Helping Military Families Transition from an IFSP to an IEP

Watch as Audra Classen, Ph.D., shares with the MFLN FD Early Intervention team how providers can help military families transition from an Individualized Family Service Plan (IFSP) to an Individualized Education Program (IEP).  Also check out the links to several useful resources for providers below.

Dr. Classen writes:

Early educators who develop a detailed IFSP/IEP document, which can be transportable to the next school district, build “trust” and a “personal connection” with military families. Listening to families and developing a detailed IFSP/IEP may prevent families from experiencing a less than satisfactory and frustrating experience when they transition to a new education setting.  Preventing discourse and promoting a positive family professional partnership is ideal for supporting young children and their families. In addition, some school personnel should consider each military families’ situation to determine if expediting the special education process is appropriate. Expediting the process can be a proactive way to demonstrate responsiveness towards military families’ unique needs thus providing relief and comfort to parents that full and appropriate services are in place sooner. Furthermore, when school personnel take the time to actively engage military families in the IFSP/IEP process, the family gains a sense of control which can be particularly important given the lack of control families are experiencing in other areas of their family life during relocations and deployments. For parents, this sense of control and accomplishment in terms of their child’s education may prevent feelings of defensiveness and/or anxiousness and promote better child and family outcomes.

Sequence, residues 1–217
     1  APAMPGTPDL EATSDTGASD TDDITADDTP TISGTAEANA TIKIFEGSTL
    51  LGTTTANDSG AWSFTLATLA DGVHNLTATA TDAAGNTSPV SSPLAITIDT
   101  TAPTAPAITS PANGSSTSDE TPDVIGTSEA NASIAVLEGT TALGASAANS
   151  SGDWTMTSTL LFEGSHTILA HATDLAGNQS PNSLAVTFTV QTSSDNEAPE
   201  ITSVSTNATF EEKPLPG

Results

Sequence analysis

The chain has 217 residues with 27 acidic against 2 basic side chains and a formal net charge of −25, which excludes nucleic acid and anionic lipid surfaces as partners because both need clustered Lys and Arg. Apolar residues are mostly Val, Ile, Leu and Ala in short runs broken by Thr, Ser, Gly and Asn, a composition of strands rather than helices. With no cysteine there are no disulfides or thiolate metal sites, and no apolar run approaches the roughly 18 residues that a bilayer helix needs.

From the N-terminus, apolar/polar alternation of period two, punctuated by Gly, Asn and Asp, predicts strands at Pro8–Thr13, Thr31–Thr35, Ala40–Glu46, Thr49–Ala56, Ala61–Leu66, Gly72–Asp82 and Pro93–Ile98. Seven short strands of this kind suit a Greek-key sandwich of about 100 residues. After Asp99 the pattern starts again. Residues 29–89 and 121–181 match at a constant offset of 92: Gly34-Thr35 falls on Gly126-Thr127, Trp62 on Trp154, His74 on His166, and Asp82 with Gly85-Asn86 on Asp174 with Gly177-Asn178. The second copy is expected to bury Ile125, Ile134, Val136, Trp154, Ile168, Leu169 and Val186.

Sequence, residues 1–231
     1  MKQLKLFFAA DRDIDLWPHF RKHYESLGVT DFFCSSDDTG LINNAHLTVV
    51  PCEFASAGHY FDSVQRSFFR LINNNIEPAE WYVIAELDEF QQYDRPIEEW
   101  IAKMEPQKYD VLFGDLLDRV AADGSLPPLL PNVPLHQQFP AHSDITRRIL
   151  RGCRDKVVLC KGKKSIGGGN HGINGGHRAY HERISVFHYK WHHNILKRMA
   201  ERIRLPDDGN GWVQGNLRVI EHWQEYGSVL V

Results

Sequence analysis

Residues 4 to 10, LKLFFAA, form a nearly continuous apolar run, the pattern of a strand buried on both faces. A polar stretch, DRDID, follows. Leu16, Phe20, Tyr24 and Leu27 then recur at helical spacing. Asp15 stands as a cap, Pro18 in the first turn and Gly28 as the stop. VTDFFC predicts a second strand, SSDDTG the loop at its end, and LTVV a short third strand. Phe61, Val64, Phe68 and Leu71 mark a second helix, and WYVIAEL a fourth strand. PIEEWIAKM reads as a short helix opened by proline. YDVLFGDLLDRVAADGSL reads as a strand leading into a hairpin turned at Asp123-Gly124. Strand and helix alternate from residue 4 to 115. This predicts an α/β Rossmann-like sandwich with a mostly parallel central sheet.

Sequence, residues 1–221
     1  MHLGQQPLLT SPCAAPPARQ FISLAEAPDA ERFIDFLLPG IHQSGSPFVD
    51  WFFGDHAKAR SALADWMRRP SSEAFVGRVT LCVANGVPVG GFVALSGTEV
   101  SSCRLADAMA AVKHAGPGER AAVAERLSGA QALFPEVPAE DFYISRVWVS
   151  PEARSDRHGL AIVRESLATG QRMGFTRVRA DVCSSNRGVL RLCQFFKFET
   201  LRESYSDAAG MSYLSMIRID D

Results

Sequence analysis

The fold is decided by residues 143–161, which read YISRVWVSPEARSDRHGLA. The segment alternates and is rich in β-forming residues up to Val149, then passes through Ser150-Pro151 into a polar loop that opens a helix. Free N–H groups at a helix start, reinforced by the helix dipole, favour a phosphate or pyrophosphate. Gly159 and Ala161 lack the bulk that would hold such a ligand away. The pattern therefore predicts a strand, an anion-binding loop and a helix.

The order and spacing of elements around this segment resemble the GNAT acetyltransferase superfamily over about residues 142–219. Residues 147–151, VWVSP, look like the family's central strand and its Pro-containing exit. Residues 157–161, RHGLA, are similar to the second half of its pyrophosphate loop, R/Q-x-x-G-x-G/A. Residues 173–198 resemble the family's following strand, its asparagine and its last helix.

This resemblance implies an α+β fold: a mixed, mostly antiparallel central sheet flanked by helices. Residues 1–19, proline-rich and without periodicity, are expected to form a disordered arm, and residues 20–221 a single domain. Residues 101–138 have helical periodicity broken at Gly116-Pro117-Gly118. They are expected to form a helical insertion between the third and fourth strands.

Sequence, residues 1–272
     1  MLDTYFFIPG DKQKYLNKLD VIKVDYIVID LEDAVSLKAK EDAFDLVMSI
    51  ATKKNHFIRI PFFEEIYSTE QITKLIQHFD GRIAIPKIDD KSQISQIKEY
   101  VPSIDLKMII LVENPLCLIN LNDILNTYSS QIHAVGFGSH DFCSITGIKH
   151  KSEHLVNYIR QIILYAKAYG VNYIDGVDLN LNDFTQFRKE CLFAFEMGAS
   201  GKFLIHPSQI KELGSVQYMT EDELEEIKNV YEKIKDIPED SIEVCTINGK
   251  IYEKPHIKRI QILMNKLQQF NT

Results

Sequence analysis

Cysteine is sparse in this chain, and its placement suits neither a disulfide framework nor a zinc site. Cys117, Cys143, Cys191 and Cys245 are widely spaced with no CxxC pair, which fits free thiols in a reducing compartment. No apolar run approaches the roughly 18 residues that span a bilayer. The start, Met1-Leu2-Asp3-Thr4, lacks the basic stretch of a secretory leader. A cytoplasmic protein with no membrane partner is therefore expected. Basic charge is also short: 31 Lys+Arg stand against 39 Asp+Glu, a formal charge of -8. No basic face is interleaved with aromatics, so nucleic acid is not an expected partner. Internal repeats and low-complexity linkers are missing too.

A transcript of this video can be found here.

Be sure to click on the following resources:

 

Audra Classen, Ph.D. is an Assistant Professor at The University of Southern Mississippi in the Department of Curriculum, Instruction, and Special Education. Her expertise lies in supporting the academic and behavioral development of young children from birth to age eight.  Dr. Classen is actively engaged in research to develop culturally responsive and family-centered services for military families and their young children.

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